Articles from October, 2010

This campaign season's Pants on Fire guide

We know these are your favorites. Here's some of ours.

Truth: Rare in Election 2010, but not entirely absent

Occasionally candidates and other political groups told the truth this campaign season. Here are a few examples.

The Voter Guide: Seven key distortions of the campaign

After examining hundreds of claims in the 2010 campaign, we've seen some patterns in how candidates -- and outside groups -- have twisted the facts.

We rate the 2010 campaign Barely True

PolitiFact's analysis of our 2010 fact-checking finds campaigns often begin with a kernel of truth. But then they stretch it, twist it and blow it up.

What makes a vote 'the deciding vote'?

When politicians want to tie their opponents to a controversial bill, there are few tactics as powerful as labeling their vote for the bill as "the deciding vote." But determining a deciding vote is harder than it looks.

Announcing PolitiFact Virginia!

Our 8th state site, a partnership with the Richmond Times-Dispatch, brings the Truth-O-Meter to the Old Dominion.

Candidates in Florida's three-way U.S. Senate race stay on the attack

Independent Charlie Crist and Democrat Kendrick Meek went on the offensive against Republican U.S. Senate frontrunner Marco Rubio during a live CNN/St. Petersburg Times debate on Oct. 24, 2010. Who scored points with the Truth-O-Meter?

California mudslide

We put ads from the Golden State races to the test on our Truth-O-Meter.

Does a national sales tax amount to double taxation?

Democrats keep battering Republicans over the "Fair Tax," a national sales tax proposal. But does an ad run by a labor group against a GOP candidate go too far in labeling the plan double taxation?

The art of going negative in Illinois

In the race for President Obama's old Senate seat in Illinois, voters have seen a steady stream of negative ads. We checked in on the latest from Democrat Alexi Giannoulias and Republican Mark Kirk.

Cookie-cutter ads from coast to coast

We've noticed a distinct lack of originality in this year's campaign ads. Candidates across the country are using identical lines.

Fact-checking the Colorado Senate race

We fact-check a campaign ad from the closely contested race between Michael Bennet and Ken Buck.  

Democrats tell half the story on 23 percent sales tax

A number of Democratic candidates in tight races have attacked Republican opponents who have voiced support for a proposal to replace federal income taxes with a tax on retail sales, the so-called "Fair Tax." But too often, the ads only mention half the equation -- the part about the sales tax.

'Super PACs' and other groups have poor record for accuracy

We tally our Truth-O-Meter rulings on ads from outside groups and find they are filled with exaggerations and falsehoods.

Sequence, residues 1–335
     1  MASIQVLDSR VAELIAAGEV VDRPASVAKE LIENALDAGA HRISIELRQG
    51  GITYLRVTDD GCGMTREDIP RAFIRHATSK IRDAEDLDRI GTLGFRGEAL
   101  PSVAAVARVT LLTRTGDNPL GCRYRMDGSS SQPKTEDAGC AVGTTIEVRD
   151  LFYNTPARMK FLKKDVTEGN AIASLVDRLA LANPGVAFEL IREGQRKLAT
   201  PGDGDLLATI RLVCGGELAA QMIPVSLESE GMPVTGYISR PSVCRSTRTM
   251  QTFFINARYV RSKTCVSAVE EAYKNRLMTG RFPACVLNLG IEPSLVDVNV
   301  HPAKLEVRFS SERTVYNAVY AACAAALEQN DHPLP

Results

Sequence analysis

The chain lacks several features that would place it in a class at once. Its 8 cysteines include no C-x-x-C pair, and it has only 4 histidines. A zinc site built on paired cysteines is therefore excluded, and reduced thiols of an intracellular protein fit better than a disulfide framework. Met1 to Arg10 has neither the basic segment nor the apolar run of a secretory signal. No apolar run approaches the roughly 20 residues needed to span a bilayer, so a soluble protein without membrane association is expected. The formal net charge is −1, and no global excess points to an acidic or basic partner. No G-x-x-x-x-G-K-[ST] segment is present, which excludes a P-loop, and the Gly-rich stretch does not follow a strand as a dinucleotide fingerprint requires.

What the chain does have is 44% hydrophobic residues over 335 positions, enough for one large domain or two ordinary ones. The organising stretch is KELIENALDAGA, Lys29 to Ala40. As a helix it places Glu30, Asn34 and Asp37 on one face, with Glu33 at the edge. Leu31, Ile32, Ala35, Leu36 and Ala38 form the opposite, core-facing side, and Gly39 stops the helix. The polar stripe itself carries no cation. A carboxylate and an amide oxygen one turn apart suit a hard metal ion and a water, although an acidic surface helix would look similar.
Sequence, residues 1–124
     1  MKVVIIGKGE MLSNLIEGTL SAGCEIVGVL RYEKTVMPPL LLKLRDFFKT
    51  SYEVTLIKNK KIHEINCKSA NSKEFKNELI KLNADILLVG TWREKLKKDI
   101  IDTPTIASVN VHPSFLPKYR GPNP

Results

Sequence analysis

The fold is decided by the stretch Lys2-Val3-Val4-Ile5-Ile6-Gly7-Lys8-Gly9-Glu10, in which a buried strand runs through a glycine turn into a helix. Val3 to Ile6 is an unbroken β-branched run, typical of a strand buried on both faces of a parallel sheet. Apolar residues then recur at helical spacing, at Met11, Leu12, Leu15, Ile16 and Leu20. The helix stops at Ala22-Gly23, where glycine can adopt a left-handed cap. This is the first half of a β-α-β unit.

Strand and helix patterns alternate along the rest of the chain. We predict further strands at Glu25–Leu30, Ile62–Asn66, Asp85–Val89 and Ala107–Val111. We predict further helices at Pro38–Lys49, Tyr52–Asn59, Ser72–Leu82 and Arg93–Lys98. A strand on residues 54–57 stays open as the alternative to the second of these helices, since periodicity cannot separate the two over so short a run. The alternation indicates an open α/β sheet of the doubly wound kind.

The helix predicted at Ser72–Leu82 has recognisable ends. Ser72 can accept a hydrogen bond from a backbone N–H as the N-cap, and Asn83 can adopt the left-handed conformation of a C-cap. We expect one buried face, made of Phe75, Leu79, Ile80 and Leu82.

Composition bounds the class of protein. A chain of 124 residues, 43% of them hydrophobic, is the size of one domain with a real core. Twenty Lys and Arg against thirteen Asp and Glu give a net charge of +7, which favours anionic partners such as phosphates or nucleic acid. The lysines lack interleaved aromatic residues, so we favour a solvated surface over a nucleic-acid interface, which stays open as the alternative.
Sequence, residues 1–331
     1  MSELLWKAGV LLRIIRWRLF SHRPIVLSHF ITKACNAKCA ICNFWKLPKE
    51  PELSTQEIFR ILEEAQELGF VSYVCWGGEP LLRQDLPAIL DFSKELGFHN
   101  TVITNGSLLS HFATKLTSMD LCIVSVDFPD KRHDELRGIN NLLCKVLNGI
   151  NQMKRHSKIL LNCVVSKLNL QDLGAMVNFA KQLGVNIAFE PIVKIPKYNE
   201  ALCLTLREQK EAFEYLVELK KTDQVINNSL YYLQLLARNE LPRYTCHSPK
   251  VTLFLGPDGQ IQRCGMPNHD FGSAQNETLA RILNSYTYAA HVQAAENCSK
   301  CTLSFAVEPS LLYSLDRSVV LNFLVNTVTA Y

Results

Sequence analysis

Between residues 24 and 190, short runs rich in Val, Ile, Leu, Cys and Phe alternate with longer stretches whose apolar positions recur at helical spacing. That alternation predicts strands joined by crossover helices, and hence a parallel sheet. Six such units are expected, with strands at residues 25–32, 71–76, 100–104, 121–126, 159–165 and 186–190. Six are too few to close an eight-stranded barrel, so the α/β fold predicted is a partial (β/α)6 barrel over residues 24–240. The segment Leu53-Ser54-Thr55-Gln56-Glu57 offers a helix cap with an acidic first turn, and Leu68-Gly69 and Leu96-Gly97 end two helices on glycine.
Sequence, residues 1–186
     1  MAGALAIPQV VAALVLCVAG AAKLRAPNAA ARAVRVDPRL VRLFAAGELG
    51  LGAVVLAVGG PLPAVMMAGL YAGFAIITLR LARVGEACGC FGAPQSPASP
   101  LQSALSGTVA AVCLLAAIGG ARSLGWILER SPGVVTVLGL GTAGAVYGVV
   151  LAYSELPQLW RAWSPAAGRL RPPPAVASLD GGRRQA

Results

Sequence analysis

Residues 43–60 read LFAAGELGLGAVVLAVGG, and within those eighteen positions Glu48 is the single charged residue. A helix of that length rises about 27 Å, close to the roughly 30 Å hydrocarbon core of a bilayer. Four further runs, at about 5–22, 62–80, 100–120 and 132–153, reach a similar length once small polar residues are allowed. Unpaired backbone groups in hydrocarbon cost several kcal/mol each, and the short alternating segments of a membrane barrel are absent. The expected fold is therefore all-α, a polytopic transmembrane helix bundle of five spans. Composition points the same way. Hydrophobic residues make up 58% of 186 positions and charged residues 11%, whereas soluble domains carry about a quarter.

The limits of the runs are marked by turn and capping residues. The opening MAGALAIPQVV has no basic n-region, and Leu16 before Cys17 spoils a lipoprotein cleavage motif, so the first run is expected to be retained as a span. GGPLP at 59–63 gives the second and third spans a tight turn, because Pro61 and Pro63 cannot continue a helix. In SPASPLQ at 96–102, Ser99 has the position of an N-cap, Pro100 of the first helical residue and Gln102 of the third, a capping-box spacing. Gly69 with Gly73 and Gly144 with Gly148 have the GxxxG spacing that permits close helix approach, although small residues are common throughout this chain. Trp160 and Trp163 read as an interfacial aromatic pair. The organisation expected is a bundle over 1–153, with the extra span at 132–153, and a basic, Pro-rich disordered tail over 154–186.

Christine O'Donnell's spooky new "TaxMan" ad

Christine O'Donnell, the Republican nominee for a U.S. Senate seat from Delaware, pivoted from dispelling notions that she's a witch to taking on Democrat Chris Coons over taxes. But how accurate are her attacks?

Strong claims about euthanizing dogs in Illinois

In the Illinois governor's race, a dramatic ad from incumbent Pat Quinn attacks Republican Bill Brady for introducing a bill that would make it easier to euthanize dogs. We check the facts.

The facts on foreign money in the 2010 campaign

President Barack Obama finds a target for his speculation about foreign money being used for attack ads against Democrats: the U.S. Chamber of Commerce. But George Will counters that it's no different than AFL-CIO. We check the facts.  

Republican exaggerations about cutting Medicare

Last month, we looked at Democratic exaggerations claiming Republicans wanted to "privatize Social Security." Now we look at the GOP's attempt to alarm seniors, alleging that Democrats want to cut Medicare.

Did Harry Reid support Viagra for sex offenders?

We check the latest attack ads on claims that Rand Paul supports a $2,000 deductible for Medicare and that Harry Reid wants sex offenders to get Viagra.

Fact-checking Florida's U.S. Senate debate

No-party Gov. Charlie Crist, Democratic U.S. Rep. Kendrick Meek and Republican Marco Rubio tossed out numbers galore in the Senate debate. Fortunately, we've been checking the facts.

'Taliban Dan': The kinder, gentler sequel

Rep. Alan Grayson, a Florida Democrat, made waves (and enemies) when he ran an ad that called his opponent "Taliban Dan." Now he he's airing a new ad that tones back the rhetoric a bit. We check the facts.

Competing claims about Islam on ABC's 'This Week'

The Rev. Franklin Graham said Muslim countries won't allow the construction of churches and synagogues. We checked the facts. 

Is ad blowing smoke about Blunt's help for Phillip Morris?

An attack ad in Missouri accuses Rep. Roy Blunt of inserting language into a national security bill to benefit tobacco giant Philip Morris while he was dating a Philip Morris lobbyist and cashing campaign checks from Philip Morris executives. We check it out.

Crossroads GPS ad targets Barbara Boxer

Yes, California seniors should be worried -- about misleading campaign commercials.


It's the biennial ritual of autumn: an avalanche of attack ads. You know what that means: It's a great time to be a fact-checker!